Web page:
All CAs in the summer of 2007 entered into the 2007 ISU Summer Conferencing Conference Assistant Contract and Work Agreement with ISU ("Work Agreement"). (Doc. 6, Ex. A). This Work Agreement provides that CAs should expect to work an average of 27 hours per week on the "desk shift" and approximately 12 overnight on-call duty shifts from 11:00 P.M. to 7:00 A.M. (Doc. 6, Ex. A at 2). It also provides that CAs needed to be "[a]vailable to work June 15-17 and June 20-July 1, 2007 to support mega-conference operations." (Doc. 6, Ex. A at 2). CAs received a $1,974.00 stipend, as well as a room and board package for the summer. (Doc. 6, Ex. A at 2). The parties agree that the value of the stipend and the room and board package was $4,313.00. Given the combined compensation package, Plaintiffs calculate the weekly wage for the 13 week summer work period at $386.00. Plaintiffs reason that, because the Work Agreement provided for 447 total hours, the hourly wage under the Work Agreement was $9.65.*fn5

Around May 28, 2007, a new policy was announced, effective June 3, 2007, under which CAs' hours were changed: overnight on-call duty shifts were increased from 8 to 15 hours in length.*fn6 In exchange for this change, ISU increased the total compensation package for CAs by $150.00. Plaintiffs calculate that the increased length of the overnight shifts added a total of 77 hours to the CAs' workload, and that the $150.00 salary increase was not sufficient to even meet the minimum wage for those additional hours. In addition, Plaintiffs allege that they and the other 2007 CAs each worked in excess of 40 hours per week, and were not compensated at the required time-and-a-half rate for this overtime work. Finally, Plaintiffs allege that the 2007 conference support employees other than CAs, and the conference support employees of ISU in other years, worked under similar terms of employment, and were not paid for overtime work.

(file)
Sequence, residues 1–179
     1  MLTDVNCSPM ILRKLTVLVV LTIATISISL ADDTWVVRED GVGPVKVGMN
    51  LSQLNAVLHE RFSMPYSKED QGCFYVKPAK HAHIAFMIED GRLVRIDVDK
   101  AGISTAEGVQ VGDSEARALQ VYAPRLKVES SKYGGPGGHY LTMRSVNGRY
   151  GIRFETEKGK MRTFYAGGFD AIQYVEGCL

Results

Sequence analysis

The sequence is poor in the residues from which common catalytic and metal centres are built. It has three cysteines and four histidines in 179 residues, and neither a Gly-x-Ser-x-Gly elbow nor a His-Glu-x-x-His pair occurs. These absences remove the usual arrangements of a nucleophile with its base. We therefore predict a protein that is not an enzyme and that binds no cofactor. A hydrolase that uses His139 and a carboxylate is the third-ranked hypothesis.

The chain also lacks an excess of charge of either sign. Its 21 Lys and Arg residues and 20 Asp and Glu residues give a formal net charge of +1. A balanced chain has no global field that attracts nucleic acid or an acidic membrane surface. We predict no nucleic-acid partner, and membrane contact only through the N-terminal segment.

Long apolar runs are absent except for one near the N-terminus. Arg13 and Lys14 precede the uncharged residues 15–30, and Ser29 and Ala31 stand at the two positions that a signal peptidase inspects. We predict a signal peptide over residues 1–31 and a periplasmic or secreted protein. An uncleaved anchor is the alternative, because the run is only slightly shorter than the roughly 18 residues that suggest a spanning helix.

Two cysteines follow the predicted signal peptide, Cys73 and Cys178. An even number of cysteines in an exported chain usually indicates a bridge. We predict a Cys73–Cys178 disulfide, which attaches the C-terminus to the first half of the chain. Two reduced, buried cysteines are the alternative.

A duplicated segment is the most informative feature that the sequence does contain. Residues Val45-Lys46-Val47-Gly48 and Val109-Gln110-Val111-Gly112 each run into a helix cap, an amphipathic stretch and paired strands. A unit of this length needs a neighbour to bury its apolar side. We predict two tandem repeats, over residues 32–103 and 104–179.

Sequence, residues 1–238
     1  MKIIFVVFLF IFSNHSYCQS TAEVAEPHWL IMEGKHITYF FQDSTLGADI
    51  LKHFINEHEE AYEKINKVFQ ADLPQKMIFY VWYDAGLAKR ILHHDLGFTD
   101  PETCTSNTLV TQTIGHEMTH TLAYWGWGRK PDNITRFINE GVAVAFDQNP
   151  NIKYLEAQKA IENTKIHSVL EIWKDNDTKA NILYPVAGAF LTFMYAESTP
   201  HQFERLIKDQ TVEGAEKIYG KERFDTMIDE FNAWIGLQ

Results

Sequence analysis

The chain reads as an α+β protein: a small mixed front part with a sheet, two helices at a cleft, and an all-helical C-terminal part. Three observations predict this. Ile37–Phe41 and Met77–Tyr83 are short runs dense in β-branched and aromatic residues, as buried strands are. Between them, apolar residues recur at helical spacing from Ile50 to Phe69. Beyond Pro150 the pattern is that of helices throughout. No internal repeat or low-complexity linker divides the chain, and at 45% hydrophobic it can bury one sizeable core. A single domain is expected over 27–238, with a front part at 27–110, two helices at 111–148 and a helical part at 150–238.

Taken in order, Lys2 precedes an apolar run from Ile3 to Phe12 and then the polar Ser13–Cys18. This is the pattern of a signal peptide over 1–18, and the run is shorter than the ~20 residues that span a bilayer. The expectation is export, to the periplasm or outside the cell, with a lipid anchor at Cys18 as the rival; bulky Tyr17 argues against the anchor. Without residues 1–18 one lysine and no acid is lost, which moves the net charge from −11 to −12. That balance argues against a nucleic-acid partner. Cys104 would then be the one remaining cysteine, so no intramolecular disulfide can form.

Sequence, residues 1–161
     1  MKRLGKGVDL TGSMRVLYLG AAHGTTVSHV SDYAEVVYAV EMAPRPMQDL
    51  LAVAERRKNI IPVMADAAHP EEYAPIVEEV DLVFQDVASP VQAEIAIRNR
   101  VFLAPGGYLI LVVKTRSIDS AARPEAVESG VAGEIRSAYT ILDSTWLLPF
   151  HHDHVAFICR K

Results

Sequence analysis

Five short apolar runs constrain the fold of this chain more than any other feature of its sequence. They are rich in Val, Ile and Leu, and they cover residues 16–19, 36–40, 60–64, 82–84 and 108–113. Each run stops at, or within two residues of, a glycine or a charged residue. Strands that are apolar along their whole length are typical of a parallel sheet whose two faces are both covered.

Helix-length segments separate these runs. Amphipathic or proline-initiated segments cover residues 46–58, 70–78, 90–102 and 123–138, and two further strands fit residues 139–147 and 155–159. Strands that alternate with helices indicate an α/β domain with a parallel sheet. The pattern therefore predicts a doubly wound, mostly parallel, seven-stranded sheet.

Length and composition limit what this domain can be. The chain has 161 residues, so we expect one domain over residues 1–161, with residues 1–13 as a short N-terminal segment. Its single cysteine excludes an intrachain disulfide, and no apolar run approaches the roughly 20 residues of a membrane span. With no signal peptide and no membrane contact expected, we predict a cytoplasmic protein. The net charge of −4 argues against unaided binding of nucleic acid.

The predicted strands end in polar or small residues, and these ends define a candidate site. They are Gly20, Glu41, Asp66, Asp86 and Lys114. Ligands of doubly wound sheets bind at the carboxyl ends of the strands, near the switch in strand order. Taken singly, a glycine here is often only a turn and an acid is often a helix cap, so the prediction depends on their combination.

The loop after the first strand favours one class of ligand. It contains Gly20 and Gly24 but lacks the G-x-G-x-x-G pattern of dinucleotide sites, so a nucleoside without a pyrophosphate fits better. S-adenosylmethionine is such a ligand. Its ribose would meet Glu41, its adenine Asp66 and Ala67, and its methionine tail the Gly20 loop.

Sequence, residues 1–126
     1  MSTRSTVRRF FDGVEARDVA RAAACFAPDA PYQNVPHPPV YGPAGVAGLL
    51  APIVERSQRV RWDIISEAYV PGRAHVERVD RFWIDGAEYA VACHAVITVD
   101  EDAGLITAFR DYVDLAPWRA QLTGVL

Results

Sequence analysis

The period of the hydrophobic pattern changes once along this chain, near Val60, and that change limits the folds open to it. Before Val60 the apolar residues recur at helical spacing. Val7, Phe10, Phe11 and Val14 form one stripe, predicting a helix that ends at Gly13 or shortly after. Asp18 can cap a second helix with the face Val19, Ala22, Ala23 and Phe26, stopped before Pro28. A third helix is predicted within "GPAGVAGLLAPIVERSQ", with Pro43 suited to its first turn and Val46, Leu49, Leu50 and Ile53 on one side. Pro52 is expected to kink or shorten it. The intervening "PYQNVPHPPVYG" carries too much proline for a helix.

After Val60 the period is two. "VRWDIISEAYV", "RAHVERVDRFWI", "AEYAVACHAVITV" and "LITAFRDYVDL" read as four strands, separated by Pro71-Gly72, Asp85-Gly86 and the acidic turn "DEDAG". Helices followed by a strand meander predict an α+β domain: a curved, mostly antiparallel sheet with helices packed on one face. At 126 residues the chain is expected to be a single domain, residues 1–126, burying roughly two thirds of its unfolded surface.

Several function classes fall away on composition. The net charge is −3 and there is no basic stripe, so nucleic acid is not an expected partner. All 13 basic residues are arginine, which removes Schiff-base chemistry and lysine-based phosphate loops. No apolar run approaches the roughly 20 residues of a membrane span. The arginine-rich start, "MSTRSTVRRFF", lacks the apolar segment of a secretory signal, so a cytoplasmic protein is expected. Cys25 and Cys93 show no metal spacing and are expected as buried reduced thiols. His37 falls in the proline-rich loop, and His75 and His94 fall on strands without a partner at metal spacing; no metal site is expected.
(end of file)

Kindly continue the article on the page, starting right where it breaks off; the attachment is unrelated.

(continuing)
LEGAL STANDARD

Employees alleging that they have been denied required overtime compensation may bring a suit on their own behalf and on behalf of "other employees similarly situated," in a "collective action" under 29 U.S.C. § 216(b). Unlike Rule 23 class actions, plaintiffs to a FLSA collective action must "opt-in" to be parties to the suit, and they are not bound by the court's determination if they do not opt-in. Woods v. New York Life Ins. Co., 686 F.2d 578, 580 (7th Cir. 1982).*fn7 In addition, unlike Rule 23, § 216(b) does not provide for court-ordered notice. However, the Supreme Court has held that a court may order notice to potential plaintiffs in "appropriate cases." Hoffman-LaRoche, Inc. v. Sperling, et al., 493 U.S. 165, 169 (1989). The Seventh Circuit has held that, once the suit is filed, plaintiffs should consult with defense counsel before contacting other potential plaintiffs, and that the district court has the power to manage the notice to other plaintiffs. Woods, 686 F.2d at 580.

The FLSA does not define "similarly situated," and how a district court should decide when a case is "appropriate" for court-ordered notice has not yet been determined by the Seventh Circuit. However, the majority of courts, including the district courts of this Circuit, have adopted a two-step approach to § 216(b) collective actions. Biddings v. Lake County, 09-cv-38, 2009 WL 2175584, *2 (N.D. Ind. July 15, 2009); Russell v. Illinois Bell Telephone Co., 575 F.Supp.2d 930, 933 (N.D. Ill. 2008); DeKeyser v. Thyssenkrupp Waupaca, Inc., 08-c-488, 2008 WL 5263750, *2 (E.D. Wis. Dec. 18, 2008); Craft v. Ray's, LLC, 1:08:cv-00627-RLY-JMS, 2008 WL 4810546, *1 (S.D. Ind. Oct. 29, 2008); Bunyan v. Spectrum Brands, Inc., 07-cv-0089-MJR, 2008 WL 2959932, *2 (S.D. Ill. July 31, 2008); Austin v. CUNA Mut. Ins. Soc'y, 232 F.R.D. 601, 605 (W.D.Wisc.2006). The Central ...